Tullis Onstott, a geologist at Princeton University not affiliated with the Oman drilling, believes that such animate faults may do added than aloof accommodate routes for aliment to move underground—they may absolutely aftermath food. In November 2017, Onstott and his colleagues began an adventurous experiment. Starting from a adit 8,000 anxiety bottomward in the Moab Khotsong gold abundance in South Africa, they apathetic a new aperture against a accountability that lay about bisected a mile added still. On August 5, 2014, the accountability had sparked a magnitude-5.5 earthquake. By conduct into it, Onstott hoped to analysis the annoying abstraction that earthquakes accumulation aliment to the abysmal biosphere.

Scientists accept connected noticed that hydrogen gas seeps out of aloft faults such as the San Andreas in California. That gas is produced in allotment by a actinic reaction: Silicate minerals burst during a convulse acknowledge with baptize and absolution hydrogen as a byproduct. For bacilli sitting aing to the fault, that acknowledgment could aftereffect in article like a alternate amoroso rush.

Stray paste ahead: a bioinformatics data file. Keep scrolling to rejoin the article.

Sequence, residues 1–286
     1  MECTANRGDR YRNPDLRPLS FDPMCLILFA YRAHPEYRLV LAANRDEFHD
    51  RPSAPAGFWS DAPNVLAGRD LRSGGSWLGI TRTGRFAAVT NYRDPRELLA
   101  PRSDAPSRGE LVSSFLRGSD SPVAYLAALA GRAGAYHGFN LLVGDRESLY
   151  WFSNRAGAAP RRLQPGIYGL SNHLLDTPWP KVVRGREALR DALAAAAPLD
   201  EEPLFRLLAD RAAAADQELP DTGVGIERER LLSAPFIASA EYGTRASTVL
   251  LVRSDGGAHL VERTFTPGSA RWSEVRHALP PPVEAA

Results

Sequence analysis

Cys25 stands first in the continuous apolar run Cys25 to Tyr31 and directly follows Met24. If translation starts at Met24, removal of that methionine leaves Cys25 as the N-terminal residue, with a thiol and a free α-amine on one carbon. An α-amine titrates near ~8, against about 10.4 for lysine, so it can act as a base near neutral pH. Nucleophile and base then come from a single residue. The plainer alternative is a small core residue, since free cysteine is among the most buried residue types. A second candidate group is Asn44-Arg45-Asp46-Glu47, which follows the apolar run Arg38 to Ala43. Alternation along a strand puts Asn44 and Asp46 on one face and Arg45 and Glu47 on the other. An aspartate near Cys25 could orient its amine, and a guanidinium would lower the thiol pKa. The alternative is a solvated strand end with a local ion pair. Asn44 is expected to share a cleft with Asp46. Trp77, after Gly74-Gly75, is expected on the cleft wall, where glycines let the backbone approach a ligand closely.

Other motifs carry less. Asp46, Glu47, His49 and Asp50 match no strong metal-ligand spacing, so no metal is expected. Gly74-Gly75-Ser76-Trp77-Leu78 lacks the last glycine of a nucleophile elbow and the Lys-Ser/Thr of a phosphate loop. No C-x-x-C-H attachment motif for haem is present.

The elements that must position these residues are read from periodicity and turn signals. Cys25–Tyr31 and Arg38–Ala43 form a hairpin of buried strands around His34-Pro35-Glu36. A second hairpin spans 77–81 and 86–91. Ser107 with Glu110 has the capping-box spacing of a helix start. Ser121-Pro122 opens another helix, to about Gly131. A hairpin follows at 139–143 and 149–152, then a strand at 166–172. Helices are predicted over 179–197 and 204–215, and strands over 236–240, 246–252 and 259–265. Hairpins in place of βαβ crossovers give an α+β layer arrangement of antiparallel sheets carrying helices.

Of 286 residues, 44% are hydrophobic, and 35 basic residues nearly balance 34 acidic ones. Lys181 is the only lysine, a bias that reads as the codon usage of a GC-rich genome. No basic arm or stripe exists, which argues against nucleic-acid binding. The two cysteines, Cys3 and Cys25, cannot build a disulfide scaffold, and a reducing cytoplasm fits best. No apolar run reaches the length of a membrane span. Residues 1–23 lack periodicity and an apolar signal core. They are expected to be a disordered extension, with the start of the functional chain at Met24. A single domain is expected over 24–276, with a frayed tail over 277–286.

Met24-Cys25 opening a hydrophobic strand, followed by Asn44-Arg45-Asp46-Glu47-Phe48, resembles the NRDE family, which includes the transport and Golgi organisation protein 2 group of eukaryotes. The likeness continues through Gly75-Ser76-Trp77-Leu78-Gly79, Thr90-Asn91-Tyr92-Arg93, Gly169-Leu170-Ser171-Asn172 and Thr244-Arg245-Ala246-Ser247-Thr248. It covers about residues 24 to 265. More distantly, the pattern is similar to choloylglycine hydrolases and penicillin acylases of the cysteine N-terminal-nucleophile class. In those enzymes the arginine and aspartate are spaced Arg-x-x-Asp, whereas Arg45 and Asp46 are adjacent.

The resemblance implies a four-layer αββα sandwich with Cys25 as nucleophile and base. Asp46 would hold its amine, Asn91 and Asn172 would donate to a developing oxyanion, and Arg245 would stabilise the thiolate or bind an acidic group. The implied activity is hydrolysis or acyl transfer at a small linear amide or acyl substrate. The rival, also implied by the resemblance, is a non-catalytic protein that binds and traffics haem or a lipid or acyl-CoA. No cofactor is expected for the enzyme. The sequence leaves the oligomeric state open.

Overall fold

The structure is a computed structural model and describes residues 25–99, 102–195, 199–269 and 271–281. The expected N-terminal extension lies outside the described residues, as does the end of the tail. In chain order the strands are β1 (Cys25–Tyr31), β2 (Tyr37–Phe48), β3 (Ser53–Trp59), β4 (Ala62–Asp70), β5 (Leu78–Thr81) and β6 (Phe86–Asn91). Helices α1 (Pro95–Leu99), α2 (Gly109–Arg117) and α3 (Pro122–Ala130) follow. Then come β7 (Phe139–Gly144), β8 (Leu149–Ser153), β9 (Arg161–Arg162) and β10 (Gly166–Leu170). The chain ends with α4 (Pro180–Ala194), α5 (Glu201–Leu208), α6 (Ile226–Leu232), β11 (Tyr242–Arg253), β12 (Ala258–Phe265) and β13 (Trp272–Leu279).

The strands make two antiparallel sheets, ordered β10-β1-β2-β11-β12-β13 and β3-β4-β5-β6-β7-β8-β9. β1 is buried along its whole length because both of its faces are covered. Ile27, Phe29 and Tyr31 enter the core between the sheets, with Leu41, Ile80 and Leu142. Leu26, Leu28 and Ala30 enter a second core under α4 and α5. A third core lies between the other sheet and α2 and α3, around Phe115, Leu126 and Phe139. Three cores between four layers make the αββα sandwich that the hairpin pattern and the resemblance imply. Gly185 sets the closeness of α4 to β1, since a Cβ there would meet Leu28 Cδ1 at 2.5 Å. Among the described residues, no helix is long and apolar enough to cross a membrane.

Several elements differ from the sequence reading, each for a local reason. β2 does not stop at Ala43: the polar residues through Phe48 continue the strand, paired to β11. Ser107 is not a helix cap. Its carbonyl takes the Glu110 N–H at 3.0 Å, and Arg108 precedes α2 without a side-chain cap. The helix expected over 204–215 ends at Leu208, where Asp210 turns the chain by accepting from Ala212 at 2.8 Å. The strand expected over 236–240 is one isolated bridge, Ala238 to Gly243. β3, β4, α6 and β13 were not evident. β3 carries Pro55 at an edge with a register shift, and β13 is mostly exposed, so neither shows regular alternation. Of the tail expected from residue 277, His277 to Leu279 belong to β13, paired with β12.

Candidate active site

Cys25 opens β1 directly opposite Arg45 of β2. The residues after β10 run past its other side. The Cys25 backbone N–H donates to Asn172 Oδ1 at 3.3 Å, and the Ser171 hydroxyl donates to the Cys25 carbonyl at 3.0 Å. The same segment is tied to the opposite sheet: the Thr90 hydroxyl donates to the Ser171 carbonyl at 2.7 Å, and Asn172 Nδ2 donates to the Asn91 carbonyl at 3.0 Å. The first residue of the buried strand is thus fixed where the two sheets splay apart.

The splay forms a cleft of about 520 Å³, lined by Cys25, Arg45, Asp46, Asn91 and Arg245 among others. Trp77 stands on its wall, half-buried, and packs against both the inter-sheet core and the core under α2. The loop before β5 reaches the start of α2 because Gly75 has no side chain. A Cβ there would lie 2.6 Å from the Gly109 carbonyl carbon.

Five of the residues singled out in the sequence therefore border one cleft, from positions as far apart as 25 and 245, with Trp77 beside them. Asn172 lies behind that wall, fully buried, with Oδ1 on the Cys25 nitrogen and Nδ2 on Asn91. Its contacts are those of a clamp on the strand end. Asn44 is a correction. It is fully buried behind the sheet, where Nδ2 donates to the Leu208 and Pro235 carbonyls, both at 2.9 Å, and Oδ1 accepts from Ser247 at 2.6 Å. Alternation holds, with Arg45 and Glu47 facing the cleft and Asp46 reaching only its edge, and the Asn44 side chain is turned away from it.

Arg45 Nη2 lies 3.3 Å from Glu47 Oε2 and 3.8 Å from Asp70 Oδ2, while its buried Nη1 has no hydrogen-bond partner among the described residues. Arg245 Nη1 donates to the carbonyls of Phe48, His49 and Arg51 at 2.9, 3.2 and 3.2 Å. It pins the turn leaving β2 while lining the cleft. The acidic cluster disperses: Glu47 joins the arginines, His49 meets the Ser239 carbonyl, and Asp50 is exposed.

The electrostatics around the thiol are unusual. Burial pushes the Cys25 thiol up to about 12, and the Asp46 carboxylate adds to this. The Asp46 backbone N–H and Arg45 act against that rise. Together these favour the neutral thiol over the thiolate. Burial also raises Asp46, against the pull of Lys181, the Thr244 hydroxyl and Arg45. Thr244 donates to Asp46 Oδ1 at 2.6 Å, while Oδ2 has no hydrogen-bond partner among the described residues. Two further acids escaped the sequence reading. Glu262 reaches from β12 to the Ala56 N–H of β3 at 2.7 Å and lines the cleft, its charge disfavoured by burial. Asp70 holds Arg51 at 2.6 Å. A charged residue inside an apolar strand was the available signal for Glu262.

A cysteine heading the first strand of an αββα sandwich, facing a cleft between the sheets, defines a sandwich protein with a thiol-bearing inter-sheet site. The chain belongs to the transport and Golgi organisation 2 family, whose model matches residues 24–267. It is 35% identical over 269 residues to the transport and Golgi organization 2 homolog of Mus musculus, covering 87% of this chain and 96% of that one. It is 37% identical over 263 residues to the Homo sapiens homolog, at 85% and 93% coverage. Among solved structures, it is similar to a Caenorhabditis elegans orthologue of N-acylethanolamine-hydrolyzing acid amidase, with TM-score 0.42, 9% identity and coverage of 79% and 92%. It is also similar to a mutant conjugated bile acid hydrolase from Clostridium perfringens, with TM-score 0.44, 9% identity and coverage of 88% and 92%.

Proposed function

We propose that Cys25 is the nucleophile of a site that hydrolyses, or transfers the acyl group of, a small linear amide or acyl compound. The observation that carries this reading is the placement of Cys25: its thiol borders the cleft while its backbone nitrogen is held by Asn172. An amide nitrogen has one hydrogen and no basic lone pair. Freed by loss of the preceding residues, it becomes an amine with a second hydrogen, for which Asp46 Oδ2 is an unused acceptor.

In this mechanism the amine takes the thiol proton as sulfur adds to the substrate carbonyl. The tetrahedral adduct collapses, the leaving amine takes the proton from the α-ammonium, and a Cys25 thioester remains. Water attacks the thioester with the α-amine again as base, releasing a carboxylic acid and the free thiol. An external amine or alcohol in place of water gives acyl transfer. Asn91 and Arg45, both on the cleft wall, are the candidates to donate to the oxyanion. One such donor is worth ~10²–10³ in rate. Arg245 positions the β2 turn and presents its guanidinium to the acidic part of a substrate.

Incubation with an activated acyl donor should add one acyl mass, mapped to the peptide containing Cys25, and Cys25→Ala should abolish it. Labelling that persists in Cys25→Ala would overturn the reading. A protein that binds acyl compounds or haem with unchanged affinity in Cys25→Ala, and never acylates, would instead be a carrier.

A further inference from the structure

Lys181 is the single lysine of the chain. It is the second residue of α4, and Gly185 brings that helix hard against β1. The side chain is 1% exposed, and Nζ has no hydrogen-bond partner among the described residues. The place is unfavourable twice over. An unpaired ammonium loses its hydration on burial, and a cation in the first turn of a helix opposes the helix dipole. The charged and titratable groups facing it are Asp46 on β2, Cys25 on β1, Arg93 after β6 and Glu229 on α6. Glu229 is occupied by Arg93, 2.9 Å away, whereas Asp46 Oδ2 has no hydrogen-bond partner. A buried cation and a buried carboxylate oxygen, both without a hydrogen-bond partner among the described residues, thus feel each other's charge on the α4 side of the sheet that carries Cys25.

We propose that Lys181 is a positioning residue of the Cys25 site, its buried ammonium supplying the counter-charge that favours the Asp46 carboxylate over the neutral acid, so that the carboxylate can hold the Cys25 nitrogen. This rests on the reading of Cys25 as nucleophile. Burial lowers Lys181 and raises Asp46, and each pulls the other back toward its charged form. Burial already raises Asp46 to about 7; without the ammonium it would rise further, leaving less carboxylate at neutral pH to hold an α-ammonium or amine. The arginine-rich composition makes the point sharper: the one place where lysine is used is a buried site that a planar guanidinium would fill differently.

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In March 2018, four months afterwards the conduct in the Moab Khotsong abundance began, workers brought up a bean amount that beyond the fault.

The basement forth the accountability was “pretty banged up,” says Onstott—torn with dozens of alongside fractures. The bean lining some of those cracks was ashamed into brittle clay, actualization contempo earthquakes. Added cracks, abounding with veins of white quartzite, apparent earlier ruptures from accoutrements of years before.

Onstott is now analytic those quartzite veins for anachronistic beef and allegory the basement for DNA, in hopes of award out what affectionate of microbes—if any—inhabit the fault.